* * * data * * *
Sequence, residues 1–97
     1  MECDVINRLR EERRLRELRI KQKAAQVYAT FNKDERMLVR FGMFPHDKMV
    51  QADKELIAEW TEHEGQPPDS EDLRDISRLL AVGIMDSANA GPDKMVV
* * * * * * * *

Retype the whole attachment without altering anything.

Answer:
Sequence, residues 1–97
     1  MECDVINRLR EERRLRELRI KQKAAQVYAT FNKDERMLVR FGMFPHDKMV
    51  QADKELIAEW TEHEGQPPDS EDLRDISRLL AVGIMDSANA GPDKMVV